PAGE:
photo courtesy of Dharma Rain Zen Center, Portland, OR

I’ve never been on a formal meditation retreat before that’s longer than a few days, but this Sunday evening I’ll be participating in a week-long sesshin, or Zen meditation retreat. We will wake at 4:30 the morning in Noble Silence to begin the first of eight total hours of silent zazen, or sitting meditation each day. There will also be kinhin, or walking meditation, work meditation, as well as formal meals in silence called oryoki. There will be chanting and bowing, a time for rest or exercise, and time to ask our teachers questions about our practice in a private interview process called sanzen. Each evening a Dharma Talk is given by the abbot of the temple, followed by a tea ceremony; an evening vespers chant wraps up the day before lights out at 10pm. Then six and a half hours later, the bells will ring and we’ll wake up and do it all over again, for the next seven days.

At this point you might find yourself asking, “Why on earth would anyone want to subject themselves to the physical and potential emotional misery of sitting silently with their thoughts and sore back all week, with a bunch of other people also sitting silently?!”

It’s a fair question to ask, though I don’t know that I can fully answer it in a way that resonates with what I feel in my body when I think about the experience. What I do know is that I have rarely, if ever, given myself the permission to just be without having to do for such an extended period of time. So much of my identity is wrapped up in what I think, do, achieve, create…particularly in a professional context. Most midwives talk about their work as a calling or vocation, not just a job. We think it of it as an intrinsic part of who we are.

But for the next week, no one will care at all about my work as a midwife. Nor will they know the extent of my time as a graduate student, earning two different master’s degrees. They won’t know anything about my family, the various political causes I think are worthy, the satisfaction I take in knitting and sewing, or the pleasure I experience in mastering a new chord on my ukelele–some of the things that in sum, I’ve come to believe are me.

Everything that we think of as “personality,” or “identity,” or “the self,” will be gently set aside for the week and perhaps I might experience for a brief moment the Zen concept of non-duality. One of my favorite Zen koans, attributed to the Chinese Chan Buddhist monk Huineng, asks “What did your face look like before your parents were born?” Another translation offered says, “When you’re not thinking of anything good and anything bad, at that moment, what is your original face?”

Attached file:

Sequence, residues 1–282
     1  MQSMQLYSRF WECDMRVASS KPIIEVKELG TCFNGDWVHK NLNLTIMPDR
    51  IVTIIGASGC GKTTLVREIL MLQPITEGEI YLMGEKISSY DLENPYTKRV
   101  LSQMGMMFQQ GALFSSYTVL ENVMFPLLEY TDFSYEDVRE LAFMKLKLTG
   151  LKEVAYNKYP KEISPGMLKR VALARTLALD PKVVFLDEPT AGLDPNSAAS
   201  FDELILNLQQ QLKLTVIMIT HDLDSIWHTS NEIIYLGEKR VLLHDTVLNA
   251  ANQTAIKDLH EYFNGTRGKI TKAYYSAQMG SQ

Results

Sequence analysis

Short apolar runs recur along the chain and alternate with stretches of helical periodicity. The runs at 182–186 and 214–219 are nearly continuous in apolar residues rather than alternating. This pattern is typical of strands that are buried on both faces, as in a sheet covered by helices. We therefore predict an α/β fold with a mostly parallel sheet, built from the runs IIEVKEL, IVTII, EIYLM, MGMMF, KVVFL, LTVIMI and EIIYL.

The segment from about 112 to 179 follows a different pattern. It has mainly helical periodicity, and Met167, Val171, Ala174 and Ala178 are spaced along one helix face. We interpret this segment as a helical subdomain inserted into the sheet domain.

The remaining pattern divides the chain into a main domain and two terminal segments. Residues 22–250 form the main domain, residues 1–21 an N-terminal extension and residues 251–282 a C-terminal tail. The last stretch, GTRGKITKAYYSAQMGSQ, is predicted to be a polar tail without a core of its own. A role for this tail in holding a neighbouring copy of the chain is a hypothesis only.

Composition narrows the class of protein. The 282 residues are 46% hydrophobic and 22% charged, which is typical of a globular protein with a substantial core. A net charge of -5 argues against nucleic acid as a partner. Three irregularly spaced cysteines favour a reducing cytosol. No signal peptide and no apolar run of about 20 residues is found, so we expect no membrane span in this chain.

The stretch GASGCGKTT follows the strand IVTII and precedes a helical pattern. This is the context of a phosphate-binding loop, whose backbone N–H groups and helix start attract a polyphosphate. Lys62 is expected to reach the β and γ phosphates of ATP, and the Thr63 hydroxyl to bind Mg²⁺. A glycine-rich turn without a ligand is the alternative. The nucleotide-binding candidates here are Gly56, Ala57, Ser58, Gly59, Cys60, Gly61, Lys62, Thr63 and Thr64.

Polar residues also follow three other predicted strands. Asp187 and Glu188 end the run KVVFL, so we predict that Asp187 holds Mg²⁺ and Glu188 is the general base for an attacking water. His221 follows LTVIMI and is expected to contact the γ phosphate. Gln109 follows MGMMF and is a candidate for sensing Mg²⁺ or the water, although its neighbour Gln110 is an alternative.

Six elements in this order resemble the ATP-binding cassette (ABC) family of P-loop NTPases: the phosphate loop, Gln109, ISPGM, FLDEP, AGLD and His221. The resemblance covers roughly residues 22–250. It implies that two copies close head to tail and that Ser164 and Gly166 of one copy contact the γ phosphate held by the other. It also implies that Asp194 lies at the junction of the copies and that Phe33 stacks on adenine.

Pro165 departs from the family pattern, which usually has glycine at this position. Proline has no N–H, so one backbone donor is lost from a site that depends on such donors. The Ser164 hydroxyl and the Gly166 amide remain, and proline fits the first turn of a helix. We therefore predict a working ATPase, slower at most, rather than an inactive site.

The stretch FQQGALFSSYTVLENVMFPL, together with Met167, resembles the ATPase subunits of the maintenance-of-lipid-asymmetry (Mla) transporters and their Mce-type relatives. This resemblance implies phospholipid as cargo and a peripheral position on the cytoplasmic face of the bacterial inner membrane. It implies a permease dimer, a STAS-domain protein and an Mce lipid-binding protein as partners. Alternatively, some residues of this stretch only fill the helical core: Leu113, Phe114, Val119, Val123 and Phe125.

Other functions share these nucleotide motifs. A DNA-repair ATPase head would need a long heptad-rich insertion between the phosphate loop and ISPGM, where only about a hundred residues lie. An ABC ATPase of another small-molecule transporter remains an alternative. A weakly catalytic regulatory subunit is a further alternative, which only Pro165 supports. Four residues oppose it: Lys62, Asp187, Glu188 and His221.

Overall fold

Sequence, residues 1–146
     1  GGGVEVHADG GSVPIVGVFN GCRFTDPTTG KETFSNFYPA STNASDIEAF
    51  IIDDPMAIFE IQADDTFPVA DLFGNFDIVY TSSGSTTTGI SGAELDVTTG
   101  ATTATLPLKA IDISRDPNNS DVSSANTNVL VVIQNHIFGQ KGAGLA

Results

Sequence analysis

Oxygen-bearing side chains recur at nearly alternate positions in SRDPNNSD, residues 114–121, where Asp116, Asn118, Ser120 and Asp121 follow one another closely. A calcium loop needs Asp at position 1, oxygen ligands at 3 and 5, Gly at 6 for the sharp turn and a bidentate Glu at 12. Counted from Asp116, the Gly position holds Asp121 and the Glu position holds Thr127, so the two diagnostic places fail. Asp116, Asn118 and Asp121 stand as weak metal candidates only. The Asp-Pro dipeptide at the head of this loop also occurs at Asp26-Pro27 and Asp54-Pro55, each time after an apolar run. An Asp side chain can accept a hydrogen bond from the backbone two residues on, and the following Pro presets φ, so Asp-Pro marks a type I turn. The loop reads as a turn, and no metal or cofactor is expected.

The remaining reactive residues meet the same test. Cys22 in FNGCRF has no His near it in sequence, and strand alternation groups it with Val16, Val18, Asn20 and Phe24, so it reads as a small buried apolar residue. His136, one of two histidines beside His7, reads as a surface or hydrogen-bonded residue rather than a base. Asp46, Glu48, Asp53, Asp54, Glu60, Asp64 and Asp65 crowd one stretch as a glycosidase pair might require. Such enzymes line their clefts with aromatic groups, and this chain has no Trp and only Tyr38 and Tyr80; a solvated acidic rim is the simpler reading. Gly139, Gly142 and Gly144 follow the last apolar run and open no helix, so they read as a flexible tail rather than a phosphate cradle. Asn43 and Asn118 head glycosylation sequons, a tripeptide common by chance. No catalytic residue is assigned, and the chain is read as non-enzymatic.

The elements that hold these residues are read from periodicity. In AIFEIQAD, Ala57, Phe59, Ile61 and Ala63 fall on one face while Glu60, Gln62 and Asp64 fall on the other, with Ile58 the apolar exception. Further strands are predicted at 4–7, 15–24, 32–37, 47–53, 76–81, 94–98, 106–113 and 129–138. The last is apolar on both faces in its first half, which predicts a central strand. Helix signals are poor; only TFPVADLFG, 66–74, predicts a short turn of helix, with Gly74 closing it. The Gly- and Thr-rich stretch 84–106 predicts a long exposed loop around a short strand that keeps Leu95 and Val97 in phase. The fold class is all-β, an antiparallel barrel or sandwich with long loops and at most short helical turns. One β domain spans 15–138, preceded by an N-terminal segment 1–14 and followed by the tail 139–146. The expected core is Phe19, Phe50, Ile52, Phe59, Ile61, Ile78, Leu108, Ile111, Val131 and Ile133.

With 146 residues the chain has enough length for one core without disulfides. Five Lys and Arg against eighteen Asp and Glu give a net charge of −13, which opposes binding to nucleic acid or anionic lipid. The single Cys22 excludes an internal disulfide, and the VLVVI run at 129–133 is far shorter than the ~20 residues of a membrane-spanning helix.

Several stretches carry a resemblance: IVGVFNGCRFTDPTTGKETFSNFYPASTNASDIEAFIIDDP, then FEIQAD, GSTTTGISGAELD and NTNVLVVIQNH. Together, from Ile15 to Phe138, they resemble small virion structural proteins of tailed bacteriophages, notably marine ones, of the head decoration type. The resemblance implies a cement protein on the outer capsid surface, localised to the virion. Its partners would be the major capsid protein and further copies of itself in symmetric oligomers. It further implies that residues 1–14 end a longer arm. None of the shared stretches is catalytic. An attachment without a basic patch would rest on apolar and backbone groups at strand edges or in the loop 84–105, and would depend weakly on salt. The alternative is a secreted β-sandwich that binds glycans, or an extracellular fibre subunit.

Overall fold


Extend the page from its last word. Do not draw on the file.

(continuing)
My heart skipped a beat when I first heard this koan. As an adult adoptee, I’ve never walked through the world looking like anybody else I knew. It wasn’t until my son was born that I had the experience of looking in another person’s face and seeing my eyes, my cheeks, my nose. It took my breath away. The question, What did my original face look like? sat quietly beside the longing I have felt my entire life to experience that physical immediacy of looking like at least one other person in the world. Upon encountering Huineng’s koan, that longing loosened its grip and slipped free. I took comfort in knowing that I will never know my birth parents’ faces, or their parents…nor my “original face.” It is larger than any one human DNA lineage, species of plant or animal, or element of matter. The self is always transforming and will continue to do so even past death. This body I inhabit will eventually cease living and slowly decompose, becoming the soil and trees and animals. I’m just in this particular human form for a short period of time.

It’s both disorienting, but liberating also, to know that I am not my thoughts. They certainly dictate a good portion of my day and are a source of pleasure, satisfaction and deep connection, but also sometimes grief, anger, and resentment. When I can take a moment to pause and notice that I’m thinking, it gives me an opportunity to observe how I am relating to my thoughts. Am I ruminating on something in the past or future that I have no control over? Am I replaying a conversation I wish had gone differently? Am I telling myself the same story about why x, y, or z plan isn’t possible and will never work out? As a humans, we are a story-telling species; we tell stories to create meaning of the events of our lives. But stories are slippery: they can be our prison just as easily as they can be our healing or our liberation.

I’m grateful for this seven day space I’m giving myself to experience what happens when I pause the stories and listen for what else might emerge. I have no idea what will unfold, which makes me both nervous, but also curious. If there’s anything I’ve learned about being a parent so far, it’s the mileage you can get out of loosening the grip on the story in your head and just staying curious to the moment and child in front of you. So many times, it’s turned out I was nowhere near the mark of what was motivating my son to do, think, or say whatever it was he did, thought, or said. It is my son’s fearless, loving curiosity that will be my inspiration, strength, and guiding light as I embark on this sesshin.

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